The study finds that shopping at physical stores for frequent commodities such as toothpaste, toilet paper, and shampoo, actually results in less greenhouse gas emissions than ordering similar items from an online-only store. And the reason? It's because people shop online frequently, but only buy a few items per purchase. In contrast, people flock to, for example, groceries, and buy things in bulk which results in less trip to the store.
"When they shop in a store, they aggregate these purchases in a single bulk purchase," said Sadegh Shahmohammadi, a PhD student in Environmental Science at Radboud University in the Netherlands.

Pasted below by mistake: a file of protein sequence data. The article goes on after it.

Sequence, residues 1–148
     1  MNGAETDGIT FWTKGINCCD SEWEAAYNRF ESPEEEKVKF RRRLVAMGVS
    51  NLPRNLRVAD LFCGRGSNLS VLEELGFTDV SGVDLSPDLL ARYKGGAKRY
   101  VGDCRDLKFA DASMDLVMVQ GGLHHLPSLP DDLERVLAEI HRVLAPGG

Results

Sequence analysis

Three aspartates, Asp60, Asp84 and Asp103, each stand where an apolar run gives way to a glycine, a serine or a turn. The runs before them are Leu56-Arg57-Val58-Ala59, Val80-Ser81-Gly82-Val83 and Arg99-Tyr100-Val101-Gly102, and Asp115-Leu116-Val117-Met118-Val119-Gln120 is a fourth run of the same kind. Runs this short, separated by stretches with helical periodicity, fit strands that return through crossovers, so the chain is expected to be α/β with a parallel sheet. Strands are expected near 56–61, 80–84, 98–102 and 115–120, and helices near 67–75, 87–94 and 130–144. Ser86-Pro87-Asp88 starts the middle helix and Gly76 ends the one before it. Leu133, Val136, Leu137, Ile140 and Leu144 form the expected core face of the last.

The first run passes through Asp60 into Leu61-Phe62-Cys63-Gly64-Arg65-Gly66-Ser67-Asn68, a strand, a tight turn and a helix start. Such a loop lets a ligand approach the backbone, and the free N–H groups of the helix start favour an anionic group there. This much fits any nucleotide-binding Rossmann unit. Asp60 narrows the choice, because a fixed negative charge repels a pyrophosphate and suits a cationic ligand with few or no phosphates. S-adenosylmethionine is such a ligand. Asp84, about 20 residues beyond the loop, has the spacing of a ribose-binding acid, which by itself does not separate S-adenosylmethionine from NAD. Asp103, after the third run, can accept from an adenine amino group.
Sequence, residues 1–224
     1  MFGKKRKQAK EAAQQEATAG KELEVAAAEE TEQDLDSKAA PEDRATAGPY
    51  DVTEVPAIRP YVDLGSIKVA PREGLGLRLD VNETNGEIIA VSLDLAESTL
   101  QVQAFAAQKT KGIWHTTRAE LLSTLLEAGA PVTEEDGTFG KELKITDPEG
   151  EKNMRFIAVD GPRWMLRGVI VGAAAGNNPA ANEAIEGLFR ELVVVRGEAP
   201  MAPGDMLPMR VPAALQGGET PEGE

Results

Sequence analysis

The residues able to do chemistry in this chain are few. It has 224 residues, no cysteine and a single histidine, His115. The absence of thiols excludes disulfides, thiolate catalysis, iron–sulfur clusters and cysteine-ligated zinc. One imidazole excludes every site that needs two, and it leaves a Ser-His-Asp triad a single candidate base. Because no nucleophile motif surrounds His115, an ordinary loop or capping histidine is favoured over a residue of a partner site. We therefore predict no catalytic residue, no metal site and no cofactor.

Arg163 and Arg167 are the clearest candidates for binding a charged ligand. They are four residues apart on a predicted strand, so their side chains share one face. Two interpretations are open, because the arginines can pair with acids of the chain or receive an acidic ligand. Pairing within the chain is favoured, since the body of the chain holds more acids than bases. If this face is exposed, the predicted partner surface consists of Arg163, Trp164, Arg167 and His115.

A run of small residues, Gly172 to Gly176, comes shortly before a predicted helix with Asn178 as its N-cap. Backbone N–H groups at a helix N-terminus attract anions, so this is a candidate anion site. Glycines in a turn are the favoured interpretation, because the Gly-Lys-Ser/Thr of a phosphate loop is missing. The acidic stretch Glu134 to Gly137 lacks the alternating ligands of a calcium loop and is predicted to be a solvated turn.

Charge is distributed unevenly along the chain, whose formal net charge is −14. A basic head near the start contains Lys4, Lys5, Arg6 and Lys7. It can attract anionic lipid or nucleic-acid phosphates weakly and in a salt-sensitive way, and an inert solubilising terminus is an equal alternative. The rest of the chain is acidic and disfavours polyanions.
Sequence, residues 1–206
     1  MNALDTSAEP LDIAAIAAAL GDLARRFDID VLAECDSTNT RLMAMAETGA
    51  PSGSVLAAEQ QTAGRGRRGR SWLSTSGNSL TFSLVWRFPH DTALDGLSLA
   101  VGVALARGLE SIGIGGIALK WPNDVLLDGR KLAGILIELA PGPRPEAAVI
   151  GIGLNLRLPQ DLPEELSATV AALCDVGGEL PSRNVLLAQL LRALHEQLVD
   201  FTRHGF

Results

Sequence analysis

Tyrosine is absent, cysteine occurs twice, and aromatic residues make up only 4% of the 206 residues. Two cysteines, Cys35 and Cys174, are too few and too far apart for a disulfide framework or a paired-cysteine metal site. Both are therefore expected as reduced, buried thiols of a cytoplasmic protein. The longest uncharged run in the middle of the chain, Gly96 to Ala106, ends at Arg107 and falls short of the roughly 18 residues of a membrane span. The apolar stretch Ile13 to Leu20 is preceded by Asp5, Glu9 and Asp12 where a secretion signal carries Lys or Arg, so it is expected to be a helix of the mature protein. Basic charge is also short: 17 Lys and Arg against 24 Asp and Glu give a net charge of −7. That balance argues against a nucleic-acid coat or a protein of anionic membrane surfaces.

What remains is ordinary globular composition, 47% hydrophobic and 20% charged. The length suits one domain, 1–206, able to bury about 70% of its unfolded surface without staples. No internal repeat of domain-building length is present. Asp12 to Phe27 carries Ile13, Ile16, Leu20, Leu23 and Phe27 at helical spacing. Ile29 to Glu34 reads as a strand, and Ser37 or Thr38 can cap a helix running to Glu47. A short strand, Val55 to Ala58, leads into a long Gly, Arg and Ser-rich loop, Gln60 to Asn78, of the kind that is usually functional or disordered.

The study also shows that frequent online purchases produce more packaging waste, and online items often come from different distributors using different shipping methods (delivery van, etc), resulting in higher greenhouse gas emissions.
This makes sense - if you think about it there is lesser carbon footprint when you buy your favourite pair of jeans from a store, than buying them through Amazon. Buying physically means there's less carbon involved, and end-user packaging is often merely just paper bag whereas online purchase involves a lot of stuff - moving the item from the seller to a distribution centre, then from the centre to another, then to the airport or seaport, and so forth. That's just a lot of carbon emitted.